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On Monday the new Assessment Report was officially presented in Berlin.

CliSAP: So from an academic perspective it’s an interdisciplinary project.

Held: Exactly. It’s also important to get disciplines on board that have been largely ignored in trying to solve the climate problem. For example, the current report is the first one to include a chapter on ethics, which examines the question just what a fair deal looks like in the context of climate policy. These questions of fairness are central considerations, especially because those parties most responsible for climate change are affected comparatively less by its impacts. And vice versa, those hardest hit by it only produce a small share of global emissions. These ratios have only started to change in the last few years – some newly industrialized countries, which tended to be “victims” in the past, are now becoming new “culprits” instead.

CliSAP: Who is most responsible?

Held: Right now we’re seeing the highest emissions growth in Asia. CO2 emissions in the OECD countries are stable, though also very high. In 2010, 65 percent of the emissions came from burning fossil fuels like coal and gas, and from industry. Further, the new report classifies emissions by demographic groups. This shows a clear connection between per capita income and per capita emissions, with the upper middle class currently being most responsible for the rise in global CO2 emissions. It also clearly shows that different lifestyles, like eating habits, are a factor. For instance, I was surprised to see how much worse the footprint for beef is in comparison to pork or poultry.

CliSAP: So some nations and demographic groups produce more emissions than others; that really does seem to be a question of fairness.

Held: That’s why in the new report we especially emphasize that the state of the climate is something that belongs to everyone. Questions of fairness focus on the one hand on pollution rights, and on the other on how investments in climate protection and adapting to climate change can be fairly distributed among everyone’s shoulders. Here we have to bear in mind that countries that invest in low-carbon technologies create benefits for everyone – but have to bear the costs alone. At least in my eyes, that isn’t fair.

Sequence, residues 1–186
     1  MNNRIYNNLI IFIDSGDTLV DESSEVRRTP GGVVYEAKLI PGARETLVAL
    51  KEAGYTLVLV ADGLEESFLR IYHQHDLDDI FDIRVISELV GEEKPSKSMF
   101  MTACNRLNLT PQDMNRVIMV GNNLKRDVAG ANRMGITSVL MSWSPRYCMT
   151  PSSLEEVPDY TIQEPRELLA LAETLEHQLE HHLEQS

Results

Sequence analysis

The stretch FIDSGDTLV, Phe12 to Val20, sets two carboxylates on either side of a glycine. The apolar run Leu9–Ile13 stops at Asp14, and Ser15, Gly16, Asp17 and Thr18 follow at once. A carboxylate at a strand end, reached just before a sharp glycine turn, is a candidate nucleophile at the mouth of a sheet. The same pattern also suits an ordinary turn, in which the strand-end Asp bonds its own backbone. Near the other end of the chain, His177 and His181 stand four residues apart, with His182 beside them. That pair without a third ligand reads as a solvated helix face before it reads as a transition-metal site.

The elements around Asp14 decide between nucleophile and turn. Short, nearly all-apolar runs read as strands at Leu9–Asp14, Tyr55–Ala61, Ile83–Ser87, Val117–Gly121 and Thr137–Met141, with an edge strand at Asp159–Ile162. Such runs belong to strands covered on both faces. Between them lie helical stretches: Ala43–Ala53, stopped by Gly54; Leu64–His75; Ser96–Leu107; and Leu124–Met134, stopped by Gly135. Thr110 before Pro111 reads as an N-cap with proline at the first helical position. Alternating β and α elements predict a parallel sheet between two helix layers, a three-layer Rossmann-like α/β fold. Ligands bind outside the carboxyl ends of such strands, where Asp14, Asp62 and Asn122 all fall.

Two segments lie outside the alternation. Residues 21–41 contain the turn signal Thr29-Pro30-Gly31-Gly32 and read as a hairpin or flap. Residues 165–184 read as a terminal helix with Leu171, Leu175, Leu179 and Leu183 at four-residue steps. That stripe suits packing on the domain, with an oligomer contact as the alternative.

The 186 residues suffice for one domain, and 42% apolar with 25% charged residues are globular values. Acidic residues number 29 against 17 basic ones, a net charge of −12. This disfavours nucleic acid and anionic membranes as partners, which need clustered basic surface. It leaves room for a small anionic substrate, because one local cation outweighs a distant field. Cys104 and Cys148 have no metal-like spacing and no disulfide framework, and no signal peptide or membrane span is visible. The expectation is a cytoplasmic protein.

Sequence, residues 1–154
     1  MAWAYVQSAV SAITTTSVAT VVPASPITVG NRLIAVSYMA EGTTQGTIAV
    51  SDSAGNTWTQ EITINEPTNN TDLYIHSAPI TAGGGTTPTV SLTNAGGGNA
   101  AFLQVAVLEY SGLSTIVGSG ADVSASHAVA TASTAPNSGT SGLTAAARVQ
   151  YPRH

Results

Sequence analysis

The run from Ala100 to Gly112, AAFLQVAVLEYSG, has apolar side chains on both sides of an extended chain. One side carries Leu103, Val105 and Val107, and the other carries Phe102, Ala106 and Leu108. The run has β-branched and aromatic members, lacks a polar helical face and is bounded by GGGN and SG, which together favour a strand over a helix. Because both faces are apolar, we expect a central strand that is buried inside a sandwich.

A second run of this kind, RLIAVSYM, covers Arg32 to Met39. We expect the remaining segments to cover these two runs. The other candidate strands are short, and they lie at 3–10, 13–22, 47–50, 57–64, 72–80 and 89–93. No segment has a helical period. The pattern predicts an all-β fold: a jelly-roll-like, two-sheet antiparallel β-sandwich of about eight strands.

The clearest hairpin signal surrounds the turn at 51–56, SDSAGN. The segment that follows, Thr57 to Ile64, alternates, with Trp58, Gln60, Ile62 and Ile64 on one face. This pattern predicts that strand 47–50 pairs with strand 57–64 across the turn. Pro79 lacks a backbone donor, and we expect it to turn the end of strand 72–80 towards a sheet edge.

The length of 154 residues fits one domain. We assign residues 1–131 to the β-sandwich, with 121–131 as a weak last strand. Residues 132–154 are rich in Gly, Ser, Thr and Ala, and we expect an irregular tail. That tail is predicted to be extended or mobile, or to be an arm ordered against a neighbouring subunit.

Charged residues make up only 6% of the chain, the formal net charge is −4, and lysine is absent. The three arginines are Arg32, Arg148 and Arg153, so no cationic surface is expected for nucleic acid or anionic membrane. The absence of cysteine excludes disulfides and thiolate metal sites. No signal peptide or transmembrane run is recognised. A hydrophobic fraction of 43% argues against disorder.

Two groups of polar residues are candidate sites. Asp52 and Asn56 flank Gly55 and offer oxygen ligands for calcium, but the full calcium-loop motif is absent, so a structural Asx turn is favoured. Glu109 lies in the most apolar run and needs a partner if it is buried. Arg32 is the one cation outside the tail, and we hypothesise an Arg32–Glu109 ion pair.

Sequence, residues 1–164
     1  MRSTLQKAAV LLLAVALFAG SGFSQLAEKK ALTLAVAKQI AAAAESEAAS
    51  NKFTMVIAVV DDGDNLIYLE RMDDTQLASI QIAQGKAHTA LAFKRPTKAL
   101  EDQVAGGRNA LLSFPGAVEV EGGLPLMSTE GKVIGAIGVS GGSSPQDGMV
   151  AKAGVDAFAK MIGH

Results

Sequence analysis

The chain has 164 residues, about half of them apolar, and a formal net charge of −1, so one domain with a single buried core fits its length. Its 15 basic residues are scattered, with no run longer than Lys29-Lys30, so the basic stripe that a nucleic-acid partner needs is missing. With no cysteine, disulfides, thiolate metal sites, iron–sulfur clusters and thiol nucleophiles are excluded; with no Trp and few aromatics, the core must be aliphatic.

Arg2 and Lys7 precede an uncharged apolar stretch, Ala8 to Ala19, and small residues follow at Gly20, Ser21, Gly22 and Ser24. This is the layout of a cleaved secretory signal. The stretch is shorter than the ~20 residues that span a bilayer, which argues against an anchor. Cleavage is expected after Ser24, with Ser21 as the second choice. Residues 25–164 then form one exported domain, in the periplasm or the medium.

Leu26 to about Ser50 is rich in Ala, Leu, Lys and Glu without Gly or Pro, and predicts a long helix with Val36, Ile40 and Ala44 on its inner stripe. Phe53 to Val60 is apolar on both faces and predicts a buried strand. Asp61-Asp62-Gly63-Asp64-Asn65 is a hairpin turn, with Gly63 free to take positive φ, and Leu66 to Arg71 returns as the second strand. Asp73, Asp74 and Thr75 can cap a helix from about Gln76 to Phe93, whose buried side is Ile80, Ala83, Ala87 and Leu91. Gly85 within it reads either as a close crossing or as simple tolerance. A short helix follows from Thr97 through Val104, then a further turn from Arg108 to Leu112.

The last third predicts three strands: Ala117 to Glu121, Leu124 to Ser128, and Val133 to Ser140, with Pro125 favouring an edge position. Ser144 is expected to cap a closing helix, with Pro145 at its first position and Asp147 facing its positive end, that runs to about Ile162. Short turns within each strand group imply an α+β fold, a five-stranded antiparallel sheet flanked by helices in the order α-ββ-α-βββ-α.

“If we look at the current agreements, what we’re heading for is more like a 3.5-degree goal.”

CliSAP: How much money are we talking about here? Will the capital currently invested be enough?

Held: Unfortunately not. By 2050, investments in the low-carbon sector will have to be tripled or quadrupled; that’s the only way we’ll be able to cut CO2 emissions by 40 to 70 percent and achieve the two-degree goal. Right now politicians may have proclaimed that goal, but the actual obligations still allow emissions levels that are too high. If we look at the current agreements and duties, what we’re heading for is more like a 3.5-degree goal.

CliSAP: Some people feel that higher limits would make good economic sense – less climate protection, and more adaptation measures. The costs caused by extreme weather and smaller crop harvests would then be balanced out by the lower investments in climate projects.

Held: The only problem is that this kind of cost-benefit analysis isn’t terribly sound, since there’s no way of knowing for sure how the Earth system will react to major warming. For instance, we don’t know how abrupt the changes will be and how much time we’ll have to adjust to them. If this fundamental uncertainty is taken into account, even some economists consider radical efforts to cut emissions to be worth discussing. From that point of view, we would in fact need to reduce CO2 emissions even more than the majority of scenarios call for.

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